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The U.S. Department of Education’s i3 Fund is designed to provide competitive grants that expand the implementation of innovative and evidence-based programs that significantly: (1) improve K-12 achievement and close achievement gaps; (2) decrease dropout rates; (3) increase high school graduation rates; and (4) improve teacher and school leader effectiveness. The Fund also aims to accelerate the creation of an education sector that supports the rapid development and adoption of effective solutions. Eligible applicants are either local education agencies or non-profits in collaboration with local education agencies or a consortium of schools. $650 million has been appropriated for the fund under the American Recovery and Reinvestment Act.
College Summit’s Public Affairs team, as part of its continuing efforts to advocate on behalf of college enrollment and college proficiency issues, submitted a comment during the public comment period for the draft i3 Guidelines. Our two main points were:
1. It is unwise to continue to measure “student achievement” by the assessments created in response to “No Child Left Behind.” Success measures, such as college enrollment and proficiency, must be included as well.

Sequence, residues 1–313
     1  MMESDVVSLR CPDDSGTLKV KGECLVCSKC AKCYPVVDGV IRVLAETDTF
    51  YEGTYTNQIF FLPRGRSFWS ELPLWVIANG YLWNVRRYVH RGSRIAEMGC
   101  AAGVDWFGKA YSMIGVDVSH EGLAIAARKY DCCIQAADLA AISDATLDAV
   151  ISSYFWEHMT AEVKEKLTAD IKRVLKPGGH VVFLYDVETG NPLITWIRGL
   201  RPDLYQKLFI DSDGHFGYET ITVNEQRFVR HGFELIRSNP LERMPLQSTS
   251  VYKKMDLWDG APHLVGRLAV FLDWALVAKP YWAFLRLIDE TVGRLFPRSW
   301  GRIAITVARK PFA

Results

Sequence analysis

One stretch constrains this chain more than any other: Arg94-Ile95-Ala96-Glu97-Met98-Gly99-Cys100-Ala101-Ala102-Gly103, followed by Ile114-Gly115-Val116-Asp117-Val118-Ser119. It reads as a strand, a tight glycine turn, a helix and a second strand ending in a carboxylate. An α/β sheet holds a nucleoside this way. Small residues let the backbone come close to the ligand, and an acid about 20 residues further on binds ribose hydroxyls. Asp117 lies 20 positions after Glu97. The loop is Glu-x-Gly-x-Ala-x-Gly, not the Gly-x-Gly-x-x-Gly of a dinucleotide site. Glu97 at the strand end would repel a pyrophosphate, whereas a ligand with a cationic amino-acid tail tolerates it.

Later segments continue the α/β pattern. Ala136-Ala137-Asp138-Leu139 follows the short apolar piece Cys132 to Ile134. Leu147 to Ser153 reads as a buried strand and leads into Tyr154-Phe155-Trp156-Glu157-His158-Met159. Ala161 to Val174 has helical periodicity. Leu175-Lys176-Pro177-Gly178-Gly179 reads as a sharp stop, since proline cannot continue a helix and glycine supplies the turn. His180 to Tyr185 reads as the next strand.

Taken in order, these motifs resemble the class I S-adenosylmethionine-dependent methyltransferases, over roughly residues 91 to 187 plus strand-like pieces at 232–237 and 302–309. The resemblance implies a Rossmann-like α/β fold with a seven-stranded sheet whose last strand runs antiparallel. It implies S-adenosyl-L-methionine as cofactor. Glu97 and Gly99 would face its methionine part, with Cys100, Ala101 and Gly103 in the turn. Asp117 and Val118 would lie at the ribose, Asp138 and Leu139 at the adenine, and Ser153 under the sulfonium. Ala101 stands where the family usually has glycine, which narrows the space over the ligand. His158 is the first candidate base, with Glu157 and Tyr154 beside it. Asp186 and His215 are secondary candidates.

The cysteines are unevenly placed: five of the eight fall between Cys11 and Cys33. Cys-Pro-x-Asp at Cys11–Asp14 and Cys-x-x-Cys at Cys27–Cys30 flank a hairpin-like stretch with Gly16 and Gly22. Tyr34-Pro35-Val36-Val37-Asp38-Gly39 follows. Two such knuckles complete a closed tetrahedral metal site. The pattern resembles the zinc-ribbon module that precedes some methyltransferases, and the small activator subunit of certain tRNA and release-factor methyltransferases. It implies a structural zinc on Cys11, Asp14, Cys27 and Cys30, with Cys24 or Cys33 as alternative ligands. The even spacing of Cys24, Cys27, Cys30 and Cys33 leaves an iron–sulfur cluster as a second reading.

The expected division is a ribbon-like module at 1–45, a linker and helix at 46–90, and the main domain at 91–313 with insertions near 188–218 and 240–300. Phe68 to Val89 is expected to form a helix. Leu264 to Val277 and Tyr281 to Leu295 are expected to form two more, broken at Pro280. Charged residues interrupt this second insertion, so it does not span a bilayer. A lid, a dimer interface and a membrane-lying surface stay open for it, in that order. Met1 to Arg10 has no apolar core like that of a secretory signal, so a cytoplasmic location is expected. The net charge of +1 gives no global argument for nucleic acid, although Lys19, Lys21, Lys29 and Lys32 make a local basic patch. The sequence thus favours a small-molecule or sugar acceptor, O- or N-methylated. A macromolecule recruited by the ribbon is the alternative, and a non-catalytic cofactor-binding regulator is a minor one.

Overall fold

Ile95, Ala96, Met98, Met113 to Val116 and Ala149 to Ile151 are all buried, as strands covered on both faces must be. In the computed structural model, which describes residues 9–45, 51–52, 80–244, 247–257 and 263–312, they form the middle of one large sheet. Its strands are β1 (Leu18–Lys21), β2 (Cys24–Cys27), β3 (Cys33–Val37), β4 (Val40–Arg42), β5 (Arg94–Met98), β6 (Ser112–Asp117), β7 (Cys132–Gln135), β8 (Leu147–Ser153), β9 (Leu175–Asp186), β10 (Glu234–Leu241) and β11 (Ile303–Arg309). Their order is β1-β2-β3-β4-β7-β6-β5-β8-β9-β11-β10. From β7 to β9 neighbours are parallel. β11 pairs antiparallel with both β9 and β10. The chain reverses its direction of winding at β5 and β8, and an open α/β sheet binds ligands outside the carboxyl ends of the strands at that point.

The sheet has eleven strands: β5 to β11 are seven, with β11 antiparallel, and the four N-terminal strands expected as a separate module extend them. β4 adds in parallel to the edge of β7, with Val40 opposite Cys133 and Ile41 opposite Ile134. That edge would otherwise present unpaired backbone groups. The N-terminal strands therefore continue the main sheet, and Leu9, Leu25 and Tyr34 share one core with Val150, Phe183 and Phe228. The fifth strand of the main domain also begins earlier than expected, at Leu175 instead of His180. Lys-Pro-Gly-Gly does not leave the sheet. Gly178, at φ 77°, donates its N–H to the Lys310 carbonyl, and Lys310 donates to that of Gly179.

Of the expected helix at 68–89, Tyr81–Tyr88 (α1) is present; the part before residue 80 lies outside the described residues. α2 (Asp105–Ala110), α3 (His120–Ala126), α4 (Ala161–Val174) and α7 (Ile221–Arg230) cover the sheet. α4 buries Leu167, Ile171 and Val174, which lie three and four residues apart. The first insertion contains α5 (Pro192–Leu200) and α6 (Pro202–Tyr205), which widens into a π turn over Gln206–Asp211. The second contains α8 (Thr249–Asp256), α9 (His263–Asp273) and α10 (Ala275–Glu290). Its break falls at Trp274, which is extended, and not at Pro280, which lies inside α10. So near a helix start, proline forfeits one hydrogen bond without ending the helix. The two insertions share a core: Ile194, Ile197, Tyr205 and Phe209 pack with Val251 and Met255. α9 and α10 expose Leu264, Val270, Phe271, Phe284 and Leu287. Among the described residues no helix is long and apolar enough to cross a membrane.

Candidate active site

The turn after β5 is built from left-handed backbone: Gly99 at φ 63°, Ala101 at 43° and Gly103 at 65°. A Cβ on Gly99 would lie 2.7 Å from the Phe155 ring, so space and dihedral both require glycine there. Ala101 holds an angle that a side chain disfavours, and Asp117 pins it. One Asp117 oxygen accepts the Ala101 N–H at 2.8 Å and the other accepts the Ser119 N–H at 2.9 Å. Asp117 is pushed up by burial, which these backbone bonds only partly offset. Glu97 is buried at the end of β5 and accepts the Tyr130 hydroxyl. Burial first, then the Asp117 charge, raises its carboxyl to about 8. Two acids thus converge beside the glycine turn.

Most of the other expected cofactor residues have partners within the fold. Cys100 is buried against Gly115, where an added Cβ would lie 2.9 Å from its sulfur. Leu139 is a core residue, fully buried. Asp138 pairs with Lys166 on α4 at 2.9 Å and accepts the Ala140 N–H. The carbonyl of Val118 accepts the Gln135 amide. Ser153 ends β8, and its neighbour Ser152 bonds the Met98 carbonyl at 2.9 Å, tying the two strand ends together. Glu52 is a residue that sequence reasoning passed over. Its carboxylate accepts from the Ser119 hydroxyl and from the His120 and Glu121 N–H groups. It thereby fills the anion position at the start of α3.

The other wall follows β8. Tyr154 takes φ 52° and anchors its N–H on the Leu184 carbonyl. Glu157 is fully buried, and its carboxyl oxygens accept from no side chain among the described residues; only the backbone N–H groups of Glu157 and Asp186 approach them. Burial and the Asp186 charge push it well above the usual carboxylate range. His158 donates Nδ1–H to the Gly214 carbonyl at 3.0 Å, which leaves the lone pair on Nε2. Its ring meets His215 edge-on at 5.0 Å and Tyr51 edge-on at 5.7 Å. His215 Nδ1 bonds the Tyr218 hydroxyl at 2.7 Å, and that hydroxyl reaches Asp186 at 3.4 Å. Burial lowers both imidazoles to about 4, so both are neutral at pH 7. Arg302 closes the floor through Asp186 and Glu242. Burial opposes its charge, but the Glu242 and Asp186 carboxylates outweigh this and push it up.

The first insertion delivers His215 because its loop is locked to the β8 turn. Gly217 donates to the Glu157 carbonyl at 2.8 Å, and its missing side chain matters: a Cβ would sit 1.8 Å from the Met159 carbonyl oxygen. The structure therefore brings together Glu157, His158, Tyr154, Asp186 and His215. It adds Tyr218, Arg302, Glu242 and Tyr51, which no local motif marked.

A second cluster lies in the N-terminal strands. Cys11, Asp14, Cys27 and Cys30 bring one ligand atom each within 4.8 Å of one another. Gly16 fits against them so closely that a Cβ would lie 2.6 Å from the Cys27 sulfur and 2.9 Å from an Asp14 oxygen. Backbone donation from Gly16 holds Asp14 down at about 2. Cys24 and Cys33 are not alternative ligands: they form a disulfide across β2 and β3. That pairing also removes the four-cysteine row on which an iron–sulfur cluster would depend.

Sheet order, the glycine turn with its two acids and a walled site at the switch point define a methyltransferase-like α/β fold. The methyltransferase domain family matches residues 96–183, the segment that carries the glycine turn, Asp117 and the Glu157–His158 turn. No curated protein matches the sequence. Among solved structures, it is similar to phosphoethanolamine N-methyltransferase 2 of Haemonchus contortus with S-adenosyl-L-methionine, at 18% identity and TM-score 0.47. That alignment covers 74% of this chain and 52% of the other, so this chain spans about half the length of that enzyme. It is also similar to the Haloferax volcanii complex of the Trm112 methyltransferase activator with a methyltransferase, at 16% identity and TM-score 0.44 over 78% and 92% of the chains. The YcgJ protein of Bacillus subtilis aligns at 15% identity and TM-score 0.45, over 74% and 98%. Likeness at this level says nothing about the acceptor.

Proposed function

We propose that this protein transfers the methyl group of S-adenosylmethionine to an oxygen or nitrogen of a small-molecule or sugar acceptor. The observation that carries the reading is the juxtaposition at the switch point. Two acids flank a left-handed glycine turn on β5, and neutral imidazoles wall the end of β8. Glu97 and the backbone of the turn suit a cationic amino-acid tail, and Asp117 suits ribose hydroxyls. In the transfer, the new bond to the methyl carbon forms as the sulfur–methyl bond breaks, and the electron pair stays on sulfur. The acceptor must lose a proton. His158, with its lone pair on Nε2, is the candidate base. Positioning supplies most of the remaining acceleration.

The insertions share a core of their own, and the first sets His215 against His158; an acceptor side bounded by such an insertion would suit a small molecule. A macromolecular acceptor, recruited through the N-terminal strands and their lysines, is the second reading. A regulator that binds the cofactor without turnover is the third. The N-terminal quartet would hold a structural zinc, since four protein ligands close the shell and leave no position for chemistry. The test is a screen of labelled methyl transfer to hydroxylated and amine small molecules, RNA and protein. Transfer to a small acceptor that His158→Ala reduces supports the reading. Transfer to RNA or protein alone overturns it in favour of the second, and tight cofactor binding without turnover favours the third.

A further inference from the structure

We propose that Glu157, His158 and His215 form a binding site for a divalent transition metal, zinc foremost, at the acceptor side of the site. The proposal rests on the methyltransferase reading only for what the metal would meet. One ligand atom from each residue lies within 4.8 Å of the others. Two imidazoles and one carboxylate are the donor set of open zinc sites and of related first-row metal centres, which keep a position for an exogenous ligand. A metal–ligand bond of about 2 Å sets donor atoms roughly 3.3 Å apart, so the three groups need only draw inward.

2. The Recovery Act, under which i3 has been created, focuses on college-going as an important tool to achieve economic recovery. The i3 Fund must align its goals with this recognition.
View College Summit’s submission.
A number of other organizations, including the Gates Foundation, Citizen Schools, College Forward, the Cato Institute, and the Center for American Progress, submitted comments that broadly aligned with our own public comment.
We were pleased to see that the U.S. Department of Education took notice of these recurring themes of postsecondary attainment. The final i3 guidelines, released in March 2010, acknowledge the importance of college-going, and now permit applicants to use college enrollment and college retention increases as proof of program effectiveness. We thank and applaud the Department of Education for recognizing the connection between high school attainment and college-going.
Feature article focuses on Peer Leaders and their role in building college-going culture
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In Their Words is a collection of some of the best student essays from our first ten years.